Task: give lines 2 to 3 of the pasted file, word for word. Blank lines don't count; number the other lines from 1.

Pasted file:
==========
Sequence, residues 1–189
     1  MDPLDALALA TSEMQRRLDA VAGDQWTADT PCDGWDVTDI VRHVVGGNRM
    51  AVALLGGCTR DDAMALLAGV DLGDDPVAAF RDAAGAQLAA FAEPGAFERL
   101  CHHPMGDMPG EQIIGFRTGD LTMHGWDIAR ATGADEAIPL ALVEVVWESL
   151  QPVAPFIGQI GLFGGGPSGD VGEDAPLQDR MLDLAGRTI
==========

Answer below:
     1  MDPLDALALA TSEMQRRLDA VAGDQWTADT PCDGWDVTDI VRHVVGGNRM
    51  AVALLGGCTR DDAMALLAGV DLGDDPVAAF RDAAGAQLAA FAEPGAFERL